February 12, 2013

The Nature of Nature




Among other drugs we've discussed, modern medicine has conjured a full spectrum of vaccines to eradicate a phalanx of communicable diseases, many of which are acute, self-limiting, albeit uncomfortable, illnesses.

Today's children are immunized by age 13 against some 16 diseases (or 53 vaccine doses), including measles, mumps, rubella, diphtheria, tetanus (lockjaw), pertussis (whooping cough), hepatitis A and B, meningitis, pneumonia, polio, chicken pox, flu, rotavirus and the human papillomavirus (HPV).

But the long history of humankind suggests that these diseases would eventually disappear without medical intervention.

Edward Goldsmith, philosopher, author and ecologist ponders the subject in his treatise on The Ecology of Health:

Consider the case of myxomatosis. It was a well-established disease among rabbits in Brazil among whom it is endemic and causes but mild symptoms. It was unknown among European rabbits which are of a different genus. When myxomatosis was introduced into Australia in 1950, the European rabbits introduced there were exposed to a virus of which they had no previous experience.

In the first year it killed 99.8 percent of the rabbit population, in the next year the death rate went down to 90 percent, seven years later it had fallen to 25 percent. The rabbit population is clearly learning to live with the virus, and vice versa. The relationship between the rabbit and the virus has thus become progressively more stable.

The same thing has happened to human populations throughout the world, as they have been exposed to parasites of which they have had no previous experience and with which they have gradually learned to live.

The population of the various islands of Polynesia, for instance, was decimated by the diseases brought there by the European colonists. That of the Maoris of New Zealand fell from approximately 160,000 to 30,000, and at one time it was thought that the Maoris would become extinct. That of Tahiti fell from a similar figure to about 7,000; that of the Marquesas, it is estimated, from 100,000 to no more than about 3,000.

However, the Polynesians have adapted to the introduced micro-organisms that have become a new component of their environment. They have, in fact, learned to live with them and their population has correspondingly grown. In New Zealand it is now two to three times its former size.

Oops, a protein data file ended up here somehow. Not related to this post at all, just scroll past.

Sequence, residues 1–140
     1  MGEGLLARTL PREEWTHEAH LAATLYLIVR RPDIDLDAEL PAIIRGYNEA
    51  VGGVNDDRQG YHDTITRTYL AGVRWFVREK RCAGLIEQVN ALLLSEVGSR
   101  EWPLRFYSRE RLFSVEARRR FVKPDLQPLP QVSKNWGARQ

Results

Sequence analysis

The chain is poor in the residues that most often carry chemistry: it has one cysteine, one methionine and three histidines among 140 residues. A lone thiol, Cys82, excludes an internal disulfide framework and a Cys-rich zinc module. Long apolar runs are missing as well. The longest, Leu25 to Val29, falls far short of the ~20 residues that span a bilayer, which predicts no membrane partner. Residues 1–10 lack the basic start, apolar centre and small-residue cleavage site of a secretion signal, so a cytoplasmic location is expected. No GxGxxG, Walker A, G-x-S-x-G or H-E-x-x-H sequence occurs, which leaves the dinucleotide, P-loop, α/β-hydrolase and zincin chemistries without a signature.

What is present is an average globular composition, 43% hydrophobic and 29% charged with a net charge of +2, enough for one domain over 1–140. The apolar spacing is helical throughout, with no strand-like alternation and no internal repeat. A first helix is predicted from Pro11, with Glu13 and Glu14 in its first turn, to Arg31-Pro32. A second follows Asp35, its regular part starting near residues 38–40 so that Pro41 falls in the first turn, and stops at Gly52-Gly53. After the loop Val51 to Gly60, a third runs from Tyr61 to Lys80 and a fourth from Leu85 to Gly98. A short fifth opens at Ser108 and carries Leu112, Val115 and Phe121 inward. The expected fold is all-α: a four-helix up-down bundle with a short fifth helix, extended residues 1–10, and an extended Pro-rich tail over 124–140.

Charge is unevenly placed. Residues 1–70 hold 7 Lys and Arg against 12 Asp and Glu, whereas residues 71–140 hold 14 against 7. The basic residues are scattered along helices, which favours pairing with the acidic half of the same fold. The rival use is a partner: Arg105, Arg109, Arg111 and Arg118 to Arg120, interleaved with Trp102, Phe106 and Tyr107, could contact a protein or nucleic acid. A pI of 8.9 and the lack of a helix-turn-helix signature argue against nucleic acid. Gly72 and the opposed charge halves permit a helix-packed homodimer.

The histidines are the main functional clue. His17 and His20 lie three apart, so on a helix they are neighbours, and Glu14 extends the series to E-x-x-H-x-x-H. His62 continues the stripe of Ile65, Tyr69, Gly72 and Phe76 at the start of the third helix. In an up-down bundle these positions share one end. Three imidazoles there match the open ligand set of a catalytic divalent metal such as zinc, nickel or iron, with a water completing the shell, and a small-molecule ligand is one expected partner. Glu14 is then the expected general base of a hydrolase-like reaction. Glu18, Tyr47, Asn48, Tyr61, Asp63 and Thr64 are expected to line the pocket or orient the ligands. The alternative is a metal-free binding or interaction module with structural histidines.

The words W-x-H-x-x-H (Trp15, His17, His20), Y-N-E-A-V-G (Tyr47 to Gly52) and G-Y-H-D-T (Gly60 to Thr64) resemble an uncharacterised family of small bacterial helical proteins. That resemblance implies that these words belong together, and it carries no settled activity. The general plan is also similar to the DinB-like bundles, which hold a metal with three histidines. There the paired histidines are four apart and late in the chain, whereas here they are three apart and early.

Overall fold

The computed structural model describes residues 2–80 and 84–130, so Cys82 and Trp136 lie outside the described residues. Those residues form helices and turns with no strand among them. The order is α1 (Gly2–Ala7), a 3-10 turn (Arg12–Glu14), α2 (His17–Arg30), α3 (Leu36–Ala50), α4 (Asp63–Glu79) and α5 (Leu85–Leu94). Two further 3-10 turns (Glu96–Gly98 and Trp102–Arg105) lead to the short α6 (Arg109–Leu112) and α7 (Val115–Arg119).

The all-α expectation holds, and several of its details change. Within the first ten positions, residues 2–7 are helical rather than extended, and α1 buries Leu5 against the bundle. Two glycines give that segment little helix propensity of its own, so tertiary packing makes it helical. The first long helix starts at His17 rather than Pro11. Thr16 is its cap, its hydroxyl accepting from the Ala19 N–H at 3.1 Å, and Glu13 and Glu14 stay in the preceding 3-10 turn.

All this makes it clear that as living systems evolve they become increasingly adapted to their environment, and increasingly stable which means that the incidence of disruptive discontinuities is correspondingly reduced. From this must follow the essential principle that the environment which most favours the health of a living system must be that to which it has been adapted by its evolution and with which it has co-evolved.
Stability is the nature of nature.

Whether molecule, skin cell or galaxy, the innerworkings at the sub-atomic level are governed by the same general operating principles. These were first identified by Sir Isaac Newton and much later amplified by Albert Einstein.

As our understanding has broadened and deepened, we know now that the universe is less Newtonian, that is mechanistic. Instead, it is more Einsteinian, that is integrated, holistic.

Everything is energy. Everything is connected. And every organism within this whole is a "living matrix" as Rupert Sheldrake has described it, communicating within itself as well as with the context or environment in which it grows.

To thrive, it is more open than closed. It is more fluid than static.It is adaptive. Always for the purpose of establishing - or re-establishing - stability.

Drugs that work against nature suppress the body's ability to express symptoms of disorder in order to heal. This damages the body's ability to respond altogether.

The immune system becomes maladaptive, incapable of responding to infectious or noxious threats, thus more susceptible to illness and enfeebled, weaker in its ability to ward off the dis-ease they cause.

Of these drugs, vaccines are very likely the most damaging to growing organisms.

If you want to see the future of children born today and subjected to so many vaccines, look at the effects on our dogs and cats whose immune systems share the same open, fluid, adaptive qualities. Because their lives are so compressed relative to our 70 or 80 years, results of over-vaccination are far easier to see and equally difficult, when not impossible, to reverse. 

~Edward Goldsmith, The Ecology of Health, July, 1980.

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